CAS  Article  PubMed  Google Scholar 

  49. 49.

    Nakayama M, Abiru N, Moriyama H, Babaya N, Liu E, Miao D, et al. Prime role for an insulin epitope in the development of type 1 diabetes in NOD mice. Nature. 2005;435(7039):220–3. https://doi.org/10.1038/nature03523.

    CAS  Article  PubMed  PubMed Central  Google Scholar 

  50. 50.

    Drescher KM, Kono K, Bopegamage S, Carson SD, Tracy S. Coxsackievirus B3 infection and type 1 diabetes development in NOD mice: insulitis determines susceptibility of pancreatic islets to virus infection. Virology. 2004;329(2):381–94. https://doi.org/10.1016/j.virol.2004.06.049.

    CAS  Article  PubMed  Google Scholar 

  51. 51.

    Berg AK, Olsson A, Korsgren O, Frisk G. Antiviral treatment of Coxsackie B virus infection in human pancreatic islets. Antivir Res. 2007;74(1):65–71.

    CAS  Article  Google Scholar 

  52. 52.

    Dotta F, Censini S, van Halteren AG, Marselli L, Masini M, Dionisi S, et al. Coxsackie B4 virus infection of beta cells and natural killer cell insulitis in recent-onset type 1 diabetic patients. Proc Natl Acad Sci U S A. 2007;104(12):5115–20. https://doi.org/10.1073/pnas.0700442104.

    CAS  Article  PubMed  PubMed Central  Google Scholar 

  53. 53.

    van der Werf N, Kroese FG, Rozing J, Hillebrands JL. Viral infections as potential triggers of type 1 diabetes. Diabetes Metab Res Rev. 2007;23(3):169–83. https://doi.org/10.1002/dmrr.695.

    CAS  Article  PubMed  Google Scholar 

  54. 54.

    Loechelt BJ, Boulware D, Green M, Baden LR, Gottlieb P, Krause-Steinrauf H, et al. Epstein-Barr and other herpesvirus infections in patients with early onset type 1 diabetes treated with daclizumab and mycophenolate mofetil. Clin Infect Dis. 2013;56(2):248–54. https://doi.org/10.1093/cid/cis848.

    CAS  Article  PubMed  Google Scholar 

  55. 55.

    Morgan NG, Richardson SJ. Enteroviruses as causative agents in type 1 diabetes: loose ends or lost cause? Trends Endocrinol Metab. 2014;25(12):611–9. https://doi.org/10.1016/j.tem.2014.08.002.

    CAS  Article  PubMed  Google Scholar 

  56. 56.

    Gallagher GR, Brehm MA, Finberg RW, Barton BA, Shultz LD, Greiner DL, et al. Viral infection of engrafted human islets leads to diabetes. Diabetes. 2015;64(4):1358–69. https://doi.org/10.2337/db14-1020.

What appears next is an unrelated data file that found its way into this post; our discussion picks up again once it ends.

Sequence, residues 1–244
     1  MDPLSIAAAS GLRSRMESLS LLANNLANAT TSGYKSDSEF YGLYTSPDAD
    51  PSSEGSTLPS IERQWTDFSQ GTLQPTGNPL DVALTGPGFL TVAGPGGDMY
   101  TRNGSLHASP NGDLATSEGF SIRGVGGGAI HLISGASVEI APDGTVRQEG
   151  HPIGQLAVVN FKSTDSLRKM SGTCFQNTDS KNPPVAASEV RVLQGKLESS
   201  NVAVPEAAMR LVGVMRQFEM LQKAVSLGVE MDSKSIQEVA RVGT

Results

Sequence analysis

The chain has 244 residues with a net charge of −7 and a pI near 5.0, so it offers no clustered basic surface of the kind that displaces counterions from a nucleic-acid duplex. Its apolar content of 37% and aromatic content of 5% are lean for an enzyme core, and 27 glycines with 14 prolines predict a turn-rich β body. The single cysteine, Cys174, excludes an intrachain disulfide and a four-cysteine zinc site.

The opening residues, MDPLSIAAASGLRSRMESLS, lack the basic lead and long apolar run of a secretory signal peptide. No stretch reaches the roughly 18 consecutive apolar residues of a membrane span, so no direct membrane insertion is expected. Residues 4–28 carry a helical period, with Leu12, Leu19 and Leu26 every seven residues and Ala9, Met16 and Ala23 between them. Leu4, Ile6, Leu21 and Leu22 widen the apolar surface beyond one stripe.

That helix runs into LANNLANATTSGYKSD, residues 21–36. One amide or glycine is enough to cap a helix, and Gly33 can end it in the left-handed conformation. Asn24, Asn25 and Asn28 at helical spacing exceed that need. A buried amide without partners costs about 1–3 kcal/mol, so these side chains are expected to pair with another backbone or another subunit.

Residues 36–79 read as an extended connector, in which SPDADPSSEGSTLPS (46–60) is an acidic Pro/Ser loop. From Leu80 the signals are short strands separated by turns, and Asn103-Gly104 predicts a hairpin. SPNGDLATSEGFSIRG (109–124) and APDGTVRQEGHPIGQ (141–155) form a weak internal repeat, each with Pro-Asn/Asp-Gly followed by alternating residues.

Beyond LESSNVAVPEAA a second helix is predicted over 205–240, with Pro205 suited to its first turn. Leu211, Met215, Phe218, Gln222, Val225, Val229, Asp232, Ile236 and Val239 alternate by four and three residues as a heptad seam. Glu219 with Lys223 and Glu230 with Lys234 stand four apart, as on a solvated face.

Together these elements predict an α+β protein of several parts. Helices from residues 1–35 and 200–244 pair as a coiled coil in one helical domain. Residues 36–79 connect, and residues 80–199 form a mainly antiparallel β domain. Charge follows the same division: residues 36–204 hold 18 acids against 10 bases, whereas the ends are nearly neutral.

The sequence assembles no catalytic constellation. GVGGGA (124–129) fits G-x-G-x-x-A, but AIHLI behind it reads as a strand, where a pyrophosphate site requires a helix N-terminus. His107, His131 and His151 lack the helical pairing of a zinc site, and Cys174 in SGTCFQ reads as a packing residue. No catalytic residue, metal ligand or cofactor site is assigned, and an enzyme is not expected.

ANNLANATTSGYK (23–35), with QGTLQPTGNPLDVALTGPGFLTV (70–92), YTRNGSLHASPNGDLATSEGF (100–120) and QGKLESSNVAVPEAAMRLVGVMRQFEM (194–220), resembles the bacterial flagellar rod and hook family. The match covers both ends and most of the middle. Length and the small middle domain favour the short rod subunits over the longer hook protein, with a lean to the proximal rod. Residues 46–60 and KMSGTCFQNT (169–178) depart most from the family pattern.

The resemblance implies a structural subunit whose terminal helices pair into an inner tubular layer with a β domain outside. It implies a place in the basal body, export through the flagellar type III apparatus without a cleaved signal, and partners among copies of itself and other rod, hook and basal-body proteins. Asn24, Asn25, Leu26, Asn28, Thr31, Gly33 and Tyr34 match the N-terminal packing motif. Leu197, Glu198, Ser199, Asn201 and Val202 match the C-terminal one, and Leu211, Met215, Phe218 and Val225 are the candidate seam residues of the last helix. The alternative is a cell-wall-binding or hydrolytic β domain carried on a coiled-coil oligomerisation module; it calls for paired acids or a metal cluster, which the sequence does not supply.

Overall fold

CAS  Article  PubMed  Google Scholar 

  57. 57.

    Richardson SJ, Morgan NG. Enteroviral infections in the pathogenesis of type 1 diabetes: new insights for therapeutic intervention. Curr Opin Pharmacol. 2018;43:11–9. https://doi.org/10.1016/j.coph.2018.07.006.

    CAS  Article  PubMed  PubMed Central  Google Scholar 

  58. 58.

    •• Dunne JL, Richardson SJ, Atkinson MA, Craig ME, Dahl-Jorgensen K, Flodstrom-Tullberg M, et al. Rationale for enteroviral vaccination and antiviral therapies in human type 1 diabetes, Diabetologia. 2019;62(5):744–53. https://doi.org/10.1007/s00125-019-4811-7. A recent review of the evidence for the role of enteroviruses in type 1 diabetes.

    CAS  Article  Google Scholar 

  59. 59.

    Yoon JW, Jun HS. Viruses in type 1 diabetes: brief review. ILAR J. 2004;45(3):343–8. https://doi.org/10.1093/ilar.45.3.343.

    CAS  Article  PubMed  Google Scholar 

  60. 60.

    Krogvold L, Edwin B, Buanes T, Frisk G, Skog O, Anagandula M, et al. Detection of a low-grade enteroviral infection in the islets of Langerhans of living patients newly diagnosed with type 1 diabetes. Diabetes. 2015;64(5):1682–7. https://doi.org/10.2337/db14-1370.

    CAS  Article  PubMed  Google Scholar 

  61. 61.

    Eisenbarth GS. Banting lecture 2009: an unfinished journey: molecular pathogenesis to prevention of type 1A diabetes. Diabetes. 2010;59(4):759–74. https://doi.org/10.2337/db09-1855.

    CAS  Article  PubMed  PubMed Central  Google Scholar 

  62. 62.

    Hyoty H. Viruses in type 1 diabetes. Pediatr Diabetes. 2016;17 Suppl 22:56–64. https://doi.org/10.1111/pedi.12370.

    Article  PubMed  Google Scholar 

  63. 63.

    Allen DW, Kim KW, Rawlinson WD, Craig ME. Maternal virus infections in pregnancy and type 1 diabetes in their offspring: systematic review and meta-analysis of observational studies. Rev Med Virol. 2018;28(3):e1974. https://doi.org/10.1002/rmv.1974.

    CAS  Article  PubMed  Google Scholar 

  64. 64.

    Lodoen MB, Lanier LL. Viral modulation of NK cell immunity. Nat Rev Microbiol. 2005;3(1):59–69. https://doi.org/10.1038/nrmicro1066.

    CAS  Article  PubMed  Google Scholar 

  65. 65.

    Lin A, Xu H, Yan W. Modulation of HLA expression in human cytomegalovirus immune evasion. Cell Mol Immunol. 2007;4(2):91–8.

    PubMed  Google Scholar 

  66. 66.

    Aslanidis S, Pyrpasopoulou A, Kontotasios K, Doumas S, Zamboulis C. Parvovirus B19 infection and systemic lupus erythematosus: activation of an aberrant pathway? Eur J Intern Med. 2008;19(5):314–8. https://doi.org/10.1016/j.ejim.2007.09.013.

    Article  PubMed  Google Scholar 

  67. 67.

    Liu Z, Winkler M, Biegalke B. Human cytomegalovirus: host immune modulation by the viral US3 gene. Int J Biochem Cell Biol. 2009;41(3):503–6. https://doi.org/10.1016/j.biocel.2008.10.012.

    CAS  Article  PubMed  Google Scholar 

  68. 68.

    Lisnic VJ, Krmpotic A, Jonjic S. Modulation of natural killer cell activity by viruses. Curr Opin Microbiol. 2010;13(4):530–9. https://doi.org/10.1016/j.mib.2010.05.011.

    CAS  Article  PubMed  PubMed Central  Google Scholar 

  69. 69.

    Loewendorf A, Benedict CA. Modulation of host innate and adaptive immune defenses by cytomegalovirus: timing is everything. J Intern Med. 2010;267(5):483–501. https://doi.org/10.1111/j.1365-2796.2010.02220.x.

    CAS  Article  PubMed  PubMed Central  Google Scholar